The Beginning of the Women's Suffrage Movement

    The term "women's suffrage" refers to the economic and political reform aimed at extending suffrage  — the right to  vote— to women.      The demand for the enfranchisement of American women was first seriously formulated at the Seneca Falls Convention (1848). The catalyst for this gathering was the World Anti-Slavery Convention held on 1840 in London. The Convention was attended by an American delegation which included a number of women. In attendance were Lucretia Mott and Elizabeth Cady Stanton, who were forced to sit in the galleries as observers because they were women. This poor treatment did not rest well with these women of progressive thoughts, and it was decided that they would hold their own convention to "discuss the social, civil and religious rights of women."

     Using the Declaration of Independence as a guideline, Stanton presented her Declaration of Sentiments in her hometown chapel and brought to light women's subordinate status and made recommendations for change.

     Resolution 9 requesting the right to vote was perhaps the most important in that it expressed the demand for sexual equality. Subsequent to the Seneca Falls Convention, the demand for the vote became the centerpiece of the women's rights movement.

Suffrage During the Civil War

     During the Civil War, women's suffrage was eclipsed by the war effort and movement for the abolition of slavery. While annual conventions were held on a regular basis, there was much discussion but little action. Activists such as slave-born Sojourner Truth, Elizabeth Stanton, and Susan B. Anthony lectured and petitioned the government for the emancipation of slaves with the belief that, once the war was over, women and slaves alike would be granted the same rights as the white men. At the end of the war, however, the government saw the suffrage of women and that of the Africans as two separate issues, and it was decided that the African vote could produce the immediate political gain, particularly in the South, that the women's vote could not. Abraham Lincoln declared, "This hour belongs to the negro."

Suffrage After the Civil War

After the Civil War, agitation by women for the ballot became increasingly vocal. With the side-stepping of women's rights, women activists became enraged, and the American Equal Rights Association was established by Stanton and her colleagues in 1866 in effort to organize in the fight for women's rights. In 1868, the ratification of the Fourteenth Amendment, which ensured the rights of former slaves, proved an insult to the women's movement, as it defined "citizenship" and "voters" as "male", and raised the question as to whether women were considered citizens of the United States at all. The exclusion of women was further reinforced with the ratification of the Fifteenth Amendment in 1870, which enfranchised black men. In a disagreement over these Amendments, the women's movement split into two factions. In New York, Stanton and Anthony established the radical National Woman Suffrage Association (NWSA). Lucy Stone, Julia Ward Howe, and Henry Blackwell organized the more conservative American Woman Suffrage Association (AWSA) in Boston. These two groups later merged in 1890 to form the National American Woman Suffrage Association (NAWSA) under the leadership of Elizabeth Stanton.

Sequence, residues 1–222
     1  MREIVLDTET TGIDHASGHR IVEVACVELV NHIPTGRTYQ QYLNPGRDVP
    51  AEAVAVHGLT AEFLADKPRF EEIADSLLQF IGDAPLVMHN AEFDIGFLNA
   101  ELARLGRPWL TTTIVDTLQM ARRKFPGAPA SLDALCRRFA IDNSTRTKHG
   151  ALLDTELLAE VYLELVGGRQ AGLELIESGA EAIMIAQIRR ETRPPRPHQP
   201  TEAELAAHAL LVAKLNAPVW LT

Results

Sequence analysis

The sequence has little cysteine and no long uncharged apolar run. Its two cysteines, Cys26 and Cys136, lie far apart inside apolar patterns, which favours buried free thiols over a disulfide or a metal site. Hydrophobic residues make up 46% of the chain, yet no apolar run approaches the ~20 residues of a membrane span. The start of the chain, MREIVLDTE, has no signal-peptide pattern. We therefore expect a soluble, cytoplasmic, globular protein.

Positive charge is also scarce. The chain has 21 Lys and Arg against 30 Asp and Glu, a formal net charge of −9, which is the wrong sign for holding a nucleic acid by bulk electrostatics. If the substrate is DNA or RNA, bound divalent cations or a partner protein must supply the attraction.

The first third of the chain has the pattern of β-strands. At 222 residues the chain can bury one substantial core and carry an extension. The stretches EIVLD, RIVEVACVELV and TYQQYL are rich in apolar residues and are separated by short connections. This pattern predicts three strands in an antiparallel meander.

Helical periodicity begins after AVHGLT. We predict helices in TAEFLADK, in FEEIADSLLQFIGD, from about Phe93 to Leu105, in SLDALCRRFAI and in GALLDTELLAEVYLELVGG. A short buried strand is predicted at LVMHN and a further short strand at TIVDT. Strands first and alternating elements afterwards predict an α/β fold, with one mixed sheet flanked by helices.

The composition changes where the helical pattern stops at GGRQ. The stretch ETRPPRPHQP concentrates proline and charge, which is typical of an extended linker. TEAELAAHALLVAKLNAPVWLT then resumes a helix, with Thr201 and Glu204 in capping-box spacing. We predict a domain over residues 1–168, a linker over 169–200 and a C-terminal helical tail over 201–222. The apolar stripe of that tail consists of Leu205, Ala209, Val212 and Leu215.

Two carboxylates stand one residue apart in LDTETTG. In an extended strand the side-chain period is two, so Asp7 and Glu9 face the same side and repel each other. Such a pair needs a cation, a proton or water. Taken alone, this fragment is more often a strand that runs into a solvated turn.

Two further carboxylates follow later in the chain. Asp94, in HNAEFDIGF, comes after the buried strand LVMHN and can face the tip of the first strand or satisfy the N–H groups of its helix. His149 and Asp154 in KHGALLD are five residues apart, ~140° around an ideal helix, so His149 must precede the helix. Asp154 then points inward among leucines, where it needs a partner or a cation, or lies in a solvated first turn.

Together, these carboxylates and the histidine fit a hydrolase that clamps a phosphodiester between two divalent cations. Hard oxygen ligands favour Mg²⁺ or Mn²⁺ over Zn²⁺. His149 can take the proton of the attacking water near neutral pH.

Gaining the Right to Vote

Susan B. Anthony was arrested for attempting to vote for Ulysses S. Grant in the 1872 presidential election. Six years later, in 1878, a Woman's Suffrage Amendment was introduced to U.S. Congress. With the formation of numerous groups, such as the Women's Christian Temperance Union (WCTU), the National Council of Jewish Women (NCJW) ,the National Association of Colored Women (NACW) and, the Women's Trade Union League, the women's movement gained a full head of steam during the 1890's and early 1900's. The U.S. involvement in World War I in 1918 slowed down the suffrage campaign as women pitched in for the war effort. However, in 1919, after years of petitioning, picketing, and protest parades, the Nineteenth Amendment was passed by both houses of Congress, and in 1920, it became ratified under the presidency of Woodrow Wilson.